China's economy teeters, Canada cringes

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Protests in Beijing today are over uninhabited land in an ongoing dispute with Japan but if the Chinese are feeling uneasy it might also have to do with their economy. China is piling up unsold goods, new houses sit empty ... its official government economic numbers are suspect. China is our second-largest trading partner, countless Canadian businesses manufacture there now but domestic debt is piling up and its spectacular growth is slowing. Are we looking at an ominous slide or merely a short, bumpy ride?




China's economy teeters, Canada cringes - J Capital Research

About a decade ago, the people at Stork Craft Manufacturing began to believe they might be in trouble. The Richmond B.C. based company -- made and sold cribs and children's beds for half-a-century. But it was getting tough to run a manufacturing business in Canada.

Jim Moore is the President and CEO of Stork Craft. And he says that once the company built a manufacturing presence in Asia -- China especially -- it opened up new markets and transformed the company in ways he hadn't expected.

Many Canadian companies have been grateful for the Bright Star in the East. Since the economic downturn of 2008, China's economy has grown at at double-digit rates. China is now Canada's second largest export market. Our exports to China more than doubled in the last five years.

And increasingly, it is China -- not the U.S. -- that drives global commodity prices. They in turn, drive a sizable portion of the Canadian economy. The trouble is China's economic juggernaut seems to be slowing.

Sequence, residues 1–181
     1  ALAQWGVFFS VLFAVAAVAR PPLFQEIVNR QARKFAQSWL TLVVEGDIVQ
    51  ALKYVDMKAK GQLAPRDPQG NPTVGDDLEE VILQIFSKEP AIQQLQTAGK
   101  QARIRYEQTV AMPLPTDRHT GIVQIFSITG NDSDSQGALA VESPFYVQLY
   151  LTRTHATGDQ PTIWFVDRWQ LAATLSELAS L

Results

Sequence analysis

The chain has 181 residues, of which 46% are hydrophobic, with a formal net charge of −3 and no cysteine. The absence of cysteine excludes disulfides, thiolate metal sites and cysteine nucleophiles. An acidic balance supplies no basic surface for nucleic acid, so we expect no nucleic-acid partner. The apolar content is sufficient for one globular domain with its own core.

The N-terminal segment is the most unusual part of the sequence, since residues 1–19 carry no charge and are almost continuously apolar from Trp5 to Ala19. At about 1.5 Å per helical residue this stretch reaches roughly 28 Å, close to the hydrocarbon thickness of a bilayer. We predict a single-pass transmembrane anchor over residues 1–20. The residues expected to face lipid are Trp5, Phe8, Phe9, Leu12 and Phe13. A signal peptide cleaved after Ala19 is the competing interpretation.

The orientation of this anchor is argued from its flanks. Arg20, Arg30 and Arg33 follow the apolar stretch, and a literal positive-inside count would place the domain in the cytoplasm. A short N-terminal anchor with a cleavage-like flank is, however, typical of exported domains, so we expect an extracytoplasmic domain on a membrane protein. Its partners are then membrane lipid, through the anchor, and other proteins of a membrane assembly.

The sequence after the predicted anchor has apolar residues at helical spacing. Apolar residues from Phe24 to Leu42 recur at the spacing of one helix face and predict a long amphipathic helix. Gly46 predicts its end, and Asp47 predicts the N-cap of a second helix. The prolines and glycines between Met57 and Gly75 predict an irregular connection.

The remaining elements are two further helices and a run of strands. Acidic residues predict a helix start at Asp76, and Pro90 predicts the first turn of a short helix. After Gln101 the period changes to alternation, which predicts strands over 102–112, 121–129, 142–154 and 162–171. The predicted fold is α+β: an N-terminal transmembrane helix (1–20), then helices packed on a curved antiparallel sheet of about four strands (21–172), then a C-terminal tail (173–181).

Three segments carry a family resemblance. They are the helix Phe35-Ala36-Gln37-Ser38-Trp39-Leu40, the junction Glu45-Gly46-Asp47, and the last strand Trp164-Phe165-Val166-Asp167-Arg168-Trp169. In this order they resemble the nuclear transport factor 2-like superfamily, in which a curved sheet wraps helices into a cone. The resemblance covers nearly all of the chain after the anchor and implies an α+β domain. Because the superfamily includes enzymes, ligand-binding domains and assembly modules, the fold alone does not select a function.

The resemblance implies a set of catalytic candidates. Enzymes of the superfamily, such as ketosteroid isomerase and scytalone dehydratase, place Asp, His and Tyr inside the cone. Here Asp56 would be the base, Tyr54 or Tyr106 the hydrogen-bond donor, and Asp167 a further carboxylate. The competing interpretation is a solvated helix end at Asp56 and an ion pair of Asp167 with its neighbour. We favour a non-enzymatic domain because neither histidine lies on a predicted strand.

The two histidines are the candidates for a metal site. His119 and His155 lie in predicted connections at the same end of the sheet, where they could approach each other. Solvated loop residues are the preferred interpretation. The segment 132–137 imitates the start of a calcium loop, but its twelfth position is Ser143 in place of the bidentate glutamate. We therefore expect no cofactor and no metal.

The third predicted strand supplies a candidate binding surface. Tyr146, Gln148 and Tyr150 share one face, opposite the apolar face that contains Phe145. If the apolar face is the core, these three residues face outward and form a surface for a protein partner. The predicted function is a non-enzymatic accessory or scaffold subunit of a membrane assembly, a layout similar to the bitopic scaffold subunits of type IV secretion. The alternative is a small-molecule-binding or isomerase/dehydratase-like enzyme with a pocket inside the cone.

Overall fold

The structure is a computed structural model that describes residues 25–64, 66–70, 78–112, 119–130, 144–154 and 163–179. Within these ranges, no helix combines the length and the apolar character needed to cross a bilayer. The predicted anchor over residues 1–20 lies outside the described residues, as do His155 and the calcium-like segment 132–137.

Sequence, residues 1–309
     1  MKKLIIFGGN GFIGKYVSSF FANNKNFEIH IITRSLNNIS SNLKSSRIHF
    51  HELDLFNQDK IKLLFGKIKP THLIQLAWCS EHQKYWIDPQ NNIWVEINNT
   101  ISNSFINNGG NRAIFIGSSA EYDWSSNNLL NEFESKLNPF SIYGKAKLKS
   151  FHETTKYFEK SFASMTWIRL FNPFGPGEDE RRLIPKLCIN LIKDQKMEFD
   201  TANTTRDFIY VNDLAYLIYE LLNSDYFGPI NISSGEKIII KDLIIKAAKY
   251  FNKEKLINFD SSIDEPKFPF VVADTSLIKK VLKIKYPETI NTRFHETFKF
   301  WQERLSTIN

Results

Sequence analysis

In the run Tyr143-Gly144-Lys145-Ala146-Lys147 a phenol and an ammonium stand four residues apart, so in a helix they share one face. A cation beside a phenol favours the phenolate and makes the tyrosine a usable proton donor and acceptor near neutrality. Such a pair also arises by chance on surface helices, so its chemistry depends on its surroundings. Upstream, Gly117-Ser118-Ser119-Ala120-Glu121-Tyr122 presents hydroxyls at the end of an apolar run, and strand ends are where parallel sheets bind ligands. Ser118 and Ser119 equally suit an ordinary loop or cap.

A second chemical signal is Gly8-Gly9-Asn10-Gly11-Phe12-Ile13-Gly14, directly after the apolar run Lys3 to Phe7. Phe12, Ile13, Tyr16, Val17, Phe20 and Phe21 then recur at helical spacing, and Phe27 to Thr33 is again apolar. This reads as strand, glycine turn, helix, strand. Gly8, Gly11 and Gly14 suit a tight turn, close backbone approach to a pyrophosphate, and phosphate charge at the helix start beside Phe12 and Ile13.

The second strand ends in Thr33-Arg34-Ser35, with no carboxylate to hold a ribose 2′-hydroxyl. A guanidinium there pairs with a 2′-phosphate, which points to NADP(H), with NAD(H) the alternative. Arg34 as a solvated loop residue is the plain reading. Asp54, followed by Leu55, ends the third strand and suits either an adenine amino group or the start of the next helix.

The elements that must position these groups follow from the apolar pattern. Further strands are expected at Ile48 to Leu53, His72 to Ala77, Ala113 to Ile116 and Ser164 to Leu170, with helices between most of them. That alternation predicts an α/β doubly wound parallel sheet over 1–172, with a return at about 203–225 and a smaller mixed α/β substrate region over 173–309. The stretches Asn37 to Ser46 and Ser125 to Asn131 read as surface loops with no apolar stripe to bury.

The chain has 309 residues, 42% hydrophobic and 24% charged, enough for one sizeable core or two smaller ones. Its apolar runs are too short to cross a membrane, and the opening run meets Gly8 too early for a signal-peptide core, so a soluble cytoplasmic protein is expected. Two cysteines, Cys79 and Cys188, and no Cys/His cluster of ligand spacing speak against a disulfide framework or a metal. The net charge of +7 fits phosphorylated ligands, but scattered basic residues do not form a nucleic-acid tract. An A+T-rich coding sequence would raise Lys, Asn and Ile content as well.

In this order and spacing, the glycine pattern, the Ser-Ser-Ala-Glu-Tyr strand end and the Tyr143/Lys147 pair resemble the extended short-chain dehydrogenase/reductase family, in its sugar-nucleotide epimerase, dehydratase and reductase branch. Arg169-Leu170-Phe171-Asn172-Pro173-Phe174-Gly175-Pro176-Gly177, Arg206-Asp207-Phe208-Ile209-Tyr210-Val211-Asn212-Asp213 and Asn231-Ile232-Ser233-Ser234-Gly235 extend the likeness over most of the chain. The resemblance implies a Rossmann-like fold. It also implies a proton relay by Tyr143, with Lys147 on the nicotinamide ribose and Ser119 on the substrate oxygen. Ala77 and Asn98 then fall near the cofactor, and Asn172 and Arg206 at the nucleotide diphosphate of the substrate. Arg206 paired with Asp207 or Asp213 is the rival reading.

Wang Wei is a Chinese businessman who's imported foreign wine into China for the last 5 years. He says he had a few boom years as the emerging Chinese middle class developed a taste for all things foreign. But his business has gone south over the last 18 months as people cut back on luxuries. We heard from Wang Wei.

For a sense of the broader picture, we were joined by Anne Stevenson-Yang. She is the Research Director for J Capital Research, a Hong Kong-based company that does independent economic analysis. She was in Washington.

China's economy teeters, Canada cringes - TD Bank Financial Group

Most China watchers believe the country's economic growth is definitely slowing. But not everyone thinks it has slammed on the brakes.

Craig Alexander is the Senior Vice President and Chief Economist for the TD Bank Financial Group. He was in Toronto.

This segment was produced by The Current's Gord Westmacott.

Last Word - Salman Rushdie on AIH

Listen tonight to As It Happens for a feature interview with Salman Rushdie. The author was in Toronto for the screening of the film version of his novel Midnight's Children. Salman Rushdie speaks with Carol Off about his new memoir and the years he spent in hiding after Iran sentenced him to death for writing the Satanic Verses.

He has fond memories of Canada from that time. You can hear the whole interview tonight on As It Happens at 6:30, half an hour later in Newfoundland and parts of Labrador.

But on today's Last Word, we aired an excerpt of that conversation -- Salman Rushdie and his story of a happy reunion.


Other segments from today's show:

Canada's Pork Industry calling for a bail out

America, But Better: The Canada Party Manifesto

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